Murphy's Law: December 8, 2003

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Battling Babble- Every organization develops a jargon of its own. These special words mean much to insiders, but are incomprehensible, or simply confusing, to outsiders. The Department of Defense, however, is a special case. First of all, this organization, the largest part of the federal government, has dozens of different sub-organizations, each with their own special jargon. Some of these special words are also deadly. When an army unit calls in an air strike, it uses an air force officer serving with the army unit as a "controller." But if  a navy warplane is the only one in the area, the air force controller has to be careful how he talks to the navy pilot. The air force and navy pilots use different words and phrases when they are talking about delivering a bomb to where the ground troops want it. Actually, it's worse than that. The Atlantic Fleet (the half of the fleet that serves in the Atlantic ocean and nearby areas), uses slightly different terms than a pilot from the Pacific Fleet. Services use different map systems, and different terms when calling in artillery fire. There are a lot of differences that are harmless, like the army calling a toilet a "latrine" and the marines and navy calling it "the head." But when a war comes along and the services have to work together, these differences cause delays, which can result in needless casualties. Worse, the differences often lead to fatal accidents and friendly fire losses. The Department of Defense has been aware of these differences for decades, but resolving them has not been easy.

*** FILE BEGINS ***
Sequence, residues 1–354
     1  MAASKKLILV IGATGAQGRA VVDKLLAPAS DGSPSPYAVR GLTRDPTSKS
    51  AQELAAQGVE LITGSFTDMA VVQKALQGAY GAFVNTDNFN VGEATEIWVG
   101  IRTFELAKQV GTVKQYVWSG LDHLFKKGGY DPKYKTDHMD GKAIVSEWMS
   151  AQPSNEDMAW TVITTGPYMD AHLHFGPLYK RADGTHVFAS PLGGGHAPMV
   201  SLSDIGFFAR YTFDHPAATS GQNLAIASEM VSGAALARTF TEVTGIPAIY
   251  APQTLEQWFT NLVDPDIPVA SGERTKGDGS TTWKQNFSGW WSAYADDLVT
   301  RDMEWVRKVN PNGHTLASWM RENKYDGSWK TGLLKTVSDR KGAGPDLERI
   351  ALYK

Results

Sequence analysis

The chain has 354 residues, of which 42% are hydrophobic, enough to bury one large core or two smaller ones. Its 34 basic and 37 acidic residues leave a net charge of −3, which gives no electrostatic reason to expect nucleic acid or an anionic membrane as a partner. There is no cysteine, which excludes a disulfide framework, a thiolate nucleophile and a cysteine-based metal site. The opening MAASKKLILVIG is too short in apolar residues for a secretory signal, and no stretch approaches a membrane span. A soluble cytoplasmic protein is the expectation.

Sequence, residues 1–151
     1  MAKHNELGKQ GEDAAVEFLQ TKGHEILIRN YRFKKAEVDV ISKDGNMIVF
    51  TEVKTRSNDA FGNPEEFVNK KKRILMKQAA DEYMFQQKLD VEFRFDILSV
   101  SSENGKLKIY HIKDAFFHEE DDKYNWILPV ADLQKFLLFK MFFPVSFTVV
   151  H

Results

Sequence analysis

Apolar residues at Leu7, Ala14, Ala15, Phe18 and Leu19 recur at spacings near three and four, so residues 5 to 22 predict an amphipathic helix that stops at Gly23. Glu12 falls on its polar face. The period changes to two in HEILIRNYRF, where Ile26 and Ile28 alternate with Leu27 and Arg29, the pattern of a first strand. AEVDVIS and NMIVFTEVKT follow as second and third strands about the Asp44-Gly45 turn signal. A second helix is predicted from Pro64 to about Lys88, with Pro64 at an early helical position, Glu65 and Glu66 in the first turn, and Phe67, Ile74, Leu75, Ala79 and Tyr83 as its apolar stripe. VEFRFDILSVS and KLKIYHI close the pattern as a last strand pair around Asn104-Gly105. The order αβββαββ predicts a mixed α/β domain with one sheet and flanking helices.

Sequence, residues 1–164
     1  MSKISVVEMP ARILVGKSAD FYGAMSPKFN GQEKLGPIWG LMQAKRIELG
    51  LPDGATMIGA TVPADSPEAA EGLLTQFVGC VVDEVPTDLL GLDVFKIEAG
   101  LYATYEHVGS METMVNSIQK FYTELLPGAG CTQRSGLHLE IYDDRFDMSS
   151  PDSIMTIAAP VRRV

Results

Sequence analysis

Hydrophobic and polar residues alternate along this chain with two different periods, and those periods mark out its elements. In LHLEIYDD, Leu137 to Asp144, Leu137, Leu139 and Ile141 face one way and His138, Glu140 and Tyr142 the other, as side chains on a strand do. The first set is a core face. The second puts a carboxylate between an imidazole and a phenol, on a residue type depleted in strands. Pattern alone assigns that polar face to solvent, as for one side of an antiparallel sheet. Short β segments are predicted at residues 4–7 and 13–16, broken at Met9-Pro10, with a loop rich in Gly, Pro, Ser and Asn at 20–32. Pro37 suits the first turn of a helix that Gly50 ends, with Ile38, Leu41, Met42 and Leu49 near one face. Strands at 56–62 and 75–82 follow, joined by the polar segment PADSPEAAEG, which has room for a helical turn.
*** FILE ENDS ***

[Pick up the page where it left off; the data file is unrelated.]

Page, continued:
In 1975, the army and air force established the Air Land Forces Application Agency. At first, this outfit tried to coordinate terminology and doctrine between the army and air force. Over the years, the navy and marines got involved as well. The agency publishes "how to" manuals that are distributed to all the services. A recent one was an updated version of their Peace Operations Guide. Contents include correct terms for various actions (calling for evacuation of a casualty is now "CASVAC," not the Vietnam era "MEDIVAC.") Much collected wisdom on how air, naval and ground units operate during peacekeeping are included. Experience from Afghanistan and Iraq are included. There is much practical information on how to set up base security, run air, ground and naval patrols in the area, how to deal with civilians and how to fight among a civilian population. The agency manuals and guides are most popular during an actual war. The rest of the time, each of the services keep busy training among themselves and pretty much going their own way. This is a long standing problem. While everyone preaches; "train as you fight and fight as you train," the services are reluctant to spend expensive resources on training with other services during peacetime. This, despite the obvious fact that they will be spending a lot of their time working with the other services when the shooting starts. But the Air Land Forces Application Agency is a start, for this outfit spends its time operating with all the services, at least in terms in collecting methods and vocabulary from everyone and translating it so everyone can at least understand, if not speak, the same language.

 


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